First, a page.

Why Should You Take Your Lunch and Coffee Breaks at Work?

Why Should You Take Your Lunch and Coffee Breaks at Work?

Just under 20% of today’s workers take their allotted coffee and lunch breaks at the workplace.

But while it’s rarer than ever to take a real rest in the U.S. work environment, it’s necessary for your productivity, as well as your mental, emotional, and physical health.

It’s not only your legal right to take breaks at work; it will also make you a more efficient worker and can also better your overall wellness.

Read on to learn how to make good use of your lunch and coffee breaks at work.

Practice Mindfulness

Today’s workplace often stretches our brains thin…too thin. We’re expected to respond to emails, have face-to-face and video meetings, and complete our projects all at the same time. Our breaks are our time to recuperate and focus.

Even a five-minute practice in mindfulness during your lunch or coffee break can help unscramble your addled brain, decrease your anxiety, and even increase your lifespan and overall health.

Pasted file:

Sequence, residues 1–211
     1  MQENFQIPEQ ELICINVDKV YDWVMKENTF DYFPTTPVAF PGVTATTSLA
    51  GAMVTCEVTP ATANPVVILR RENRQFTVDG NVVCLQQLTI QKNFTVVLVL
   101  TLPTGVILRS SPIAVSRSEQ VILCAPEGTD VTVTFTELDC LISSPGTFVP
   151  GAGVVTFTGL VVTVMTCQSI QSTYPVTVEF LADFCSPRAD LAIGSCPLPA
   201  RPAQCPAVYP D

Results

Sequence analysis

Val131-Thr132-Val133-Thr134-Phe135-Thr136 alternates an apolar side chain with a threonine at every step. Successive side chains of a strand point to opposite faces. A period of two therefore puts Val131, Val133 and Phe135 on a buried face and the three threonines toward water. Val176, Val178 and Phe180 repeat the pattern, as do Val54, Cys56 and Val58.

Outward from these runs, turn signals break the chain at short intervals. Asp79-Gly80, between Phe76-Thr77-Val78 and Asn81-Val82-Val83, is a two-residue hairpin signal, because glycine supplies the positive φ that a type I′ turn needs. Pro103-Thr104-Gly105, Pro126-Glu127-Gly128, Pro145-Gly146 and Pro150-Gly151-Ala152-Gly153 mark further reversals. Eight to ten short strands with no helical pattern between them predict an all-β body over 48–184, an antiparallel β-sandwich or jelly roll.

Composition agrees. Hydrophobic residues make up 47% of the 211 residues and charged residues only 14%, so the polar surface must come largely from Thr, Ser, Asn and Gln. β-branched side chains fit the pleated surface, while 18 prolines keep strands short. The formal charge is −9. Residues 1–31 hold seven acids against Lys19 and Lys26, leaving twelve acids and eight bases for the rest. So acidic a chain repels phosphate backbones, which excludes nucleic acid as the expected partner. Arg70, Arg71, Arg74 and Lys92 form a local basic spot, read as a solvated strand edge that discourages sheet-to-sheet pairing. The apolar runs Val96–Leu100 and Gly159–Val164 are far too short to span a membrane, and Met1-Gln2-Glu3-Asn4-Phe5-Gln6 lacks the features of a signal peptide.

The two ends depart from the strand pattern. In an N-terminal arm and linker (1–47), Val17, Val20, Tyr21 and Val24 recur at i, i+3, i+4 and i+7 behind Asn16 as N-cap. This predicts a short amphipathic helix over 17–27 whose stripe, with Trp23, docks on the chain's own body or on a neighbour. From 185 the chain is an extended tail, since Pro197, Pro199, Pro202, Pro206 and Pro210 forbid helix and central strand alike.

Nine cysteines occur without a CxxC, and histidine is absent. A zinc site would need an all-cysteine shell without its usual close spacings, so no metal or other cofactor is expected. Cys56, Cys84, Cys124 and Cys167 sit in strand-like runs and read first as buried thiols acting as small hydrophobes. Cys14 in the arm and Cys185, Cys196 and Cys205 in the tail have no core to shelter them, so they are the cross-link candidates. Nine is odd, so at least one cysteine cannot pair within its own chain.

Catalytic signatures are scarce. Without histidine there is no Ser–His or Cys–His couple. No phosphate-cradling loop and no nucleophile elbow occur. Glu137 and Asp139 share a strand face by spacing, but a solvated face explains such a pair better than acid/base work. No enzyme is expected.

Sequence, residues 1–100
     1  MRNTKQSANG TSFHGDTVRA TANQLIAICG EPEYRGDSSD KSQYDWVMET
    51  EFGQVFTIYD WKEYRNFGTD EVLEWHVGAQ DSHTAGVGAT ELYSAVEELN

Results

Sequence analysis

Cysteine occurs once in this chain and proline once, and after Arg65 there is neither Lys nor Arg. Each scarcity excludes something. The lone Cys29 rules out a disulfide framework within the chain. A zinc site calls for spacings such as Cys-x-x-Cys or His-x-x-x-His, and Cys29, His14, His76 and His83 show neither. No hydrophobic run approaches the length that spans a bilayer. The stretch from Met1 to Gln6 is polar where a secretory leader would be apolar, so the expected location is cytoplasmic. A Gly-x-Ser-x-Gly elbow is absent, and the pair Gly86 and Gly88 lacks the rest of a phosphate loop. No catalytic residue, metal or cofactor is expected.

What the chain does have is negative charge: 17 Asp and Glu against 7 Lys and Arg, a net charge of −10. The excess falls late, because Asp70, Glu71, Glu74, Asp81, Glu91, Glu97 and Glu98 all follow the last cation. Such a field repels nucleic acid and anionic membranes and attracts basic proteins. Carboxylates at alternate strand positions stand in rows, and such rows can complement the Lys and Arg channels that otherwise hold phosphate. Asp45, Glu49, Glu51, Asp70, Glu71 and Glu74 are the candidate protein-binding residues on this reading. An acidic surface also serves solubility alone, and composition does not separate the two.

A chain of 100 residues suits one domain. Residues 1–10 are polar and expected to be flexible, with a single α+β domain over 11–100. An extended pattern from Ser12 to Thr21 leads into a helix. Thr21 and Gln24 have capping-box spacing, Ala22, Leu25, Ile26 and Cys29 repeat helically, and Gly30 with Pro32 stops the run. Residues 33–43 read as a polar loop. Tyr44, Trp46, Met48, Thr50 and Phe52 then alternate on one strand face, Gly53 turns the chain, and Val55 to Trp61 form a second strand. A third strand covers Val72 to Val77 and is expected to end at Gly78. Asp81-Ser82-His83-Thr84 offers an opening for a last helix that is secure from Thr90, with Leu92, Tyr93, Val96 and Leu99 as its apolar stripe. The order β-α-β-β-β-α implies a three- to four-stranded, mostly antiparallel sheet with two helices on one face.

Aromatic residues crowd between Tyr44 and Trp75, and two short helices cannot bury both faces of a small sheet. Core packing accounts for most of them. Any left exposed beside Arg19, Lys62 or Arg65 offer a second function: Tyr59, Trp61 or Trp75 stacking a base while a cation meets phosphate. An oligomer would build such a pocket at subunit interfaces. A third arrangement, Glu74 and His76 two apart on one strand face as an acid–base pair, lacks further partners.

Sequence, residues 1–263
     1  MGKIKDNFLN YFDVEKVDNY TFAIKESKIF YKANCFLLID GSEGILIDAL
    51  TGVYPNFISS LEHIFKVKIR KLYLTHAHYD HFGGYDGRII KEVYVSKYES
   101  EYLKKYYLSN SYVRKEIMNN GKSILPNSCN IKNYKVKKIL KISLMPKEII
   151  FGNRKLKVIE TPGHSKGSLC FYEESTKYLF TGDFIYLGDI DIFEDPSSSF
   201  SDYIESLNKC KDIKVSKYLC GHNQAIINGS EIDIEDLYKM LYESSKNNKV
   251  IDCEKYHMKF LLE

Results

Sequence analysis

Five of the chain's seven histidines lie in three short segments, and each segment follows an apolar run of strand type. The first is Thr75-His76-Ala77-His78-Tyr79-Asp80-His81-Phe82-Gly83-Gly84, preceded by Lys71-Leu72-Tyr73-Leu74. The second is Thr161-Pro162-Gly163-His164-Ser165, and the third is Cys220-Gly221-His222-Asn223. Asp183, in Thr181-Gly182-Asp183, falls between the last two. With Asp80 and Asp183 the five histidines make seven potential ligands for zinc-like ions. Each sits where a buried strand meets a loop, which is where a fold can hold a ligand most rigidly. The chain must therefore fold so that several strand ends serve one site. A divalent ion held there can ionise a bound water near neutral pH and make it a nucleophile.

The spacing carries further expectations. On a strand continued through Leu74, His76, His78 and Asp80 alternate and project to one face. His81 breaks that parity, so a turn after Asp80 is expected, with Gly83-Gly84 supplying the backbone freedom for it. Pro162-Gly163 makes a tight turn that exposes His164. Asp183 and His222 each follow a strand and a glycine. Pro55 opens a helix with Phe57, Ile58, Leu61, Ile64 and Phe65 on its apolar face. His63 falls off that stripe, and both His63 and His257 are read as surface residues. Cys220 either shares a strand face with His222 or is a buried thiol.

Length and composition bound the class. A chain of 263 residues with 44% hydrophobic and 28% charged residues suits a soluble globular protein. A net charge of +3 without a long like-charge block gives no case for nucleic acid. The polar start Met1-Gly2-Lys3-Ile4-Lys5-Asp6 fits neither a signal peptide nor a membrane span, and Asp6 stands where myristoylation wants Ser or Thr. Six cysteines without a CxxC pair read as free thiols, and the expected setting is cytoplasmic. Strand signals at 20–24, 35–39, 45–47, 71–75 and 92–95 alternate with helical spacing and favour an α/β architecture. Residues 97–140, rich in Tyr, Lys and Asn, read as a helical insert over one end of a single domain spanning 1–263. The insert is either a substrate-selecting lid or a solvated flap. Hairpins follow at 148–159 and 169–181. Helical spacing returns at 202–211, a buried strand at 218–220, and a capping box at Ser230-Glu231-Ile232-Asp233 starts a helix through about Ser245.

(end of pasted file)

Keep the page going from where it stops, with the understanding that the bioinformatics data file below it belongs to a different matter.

If you have a long or flexible lunch break, you could try a yoga practice.

If your breaks are briefer, try a short walk, a “mindful lunch” (where you eat your meal slowly and turn off your phone, focusing only on eating and chewing), or a breathing or meditation exercise using a mindfulness app.

Brain-Boosting Nutrition

We often forget about the real point of lunch: nutrition! Instead of stocking up on carbs and sugar-loaded fast food, take the opportunity to fuel your brain with healthy fats and whole grains.

For a boost in productivity and cognitive function, try avocado, nuts, seeds, fish, lean protein, and/or fruit.

Improve Concentration

Taking a breather in the middle of the workday, especially with a turned-off phone and no access to your trusty work computer or laptop, is key to improving your overall concentration.

Just the act of heading to a cafe or the work cafeteria, either alone or with a friend, and shifting your environment, can improve your creativity, concentration, and productivity.

Take the chances you’re given to head out of your office and immerse yourself in a different environment, and you’ll likely see your work performance improve.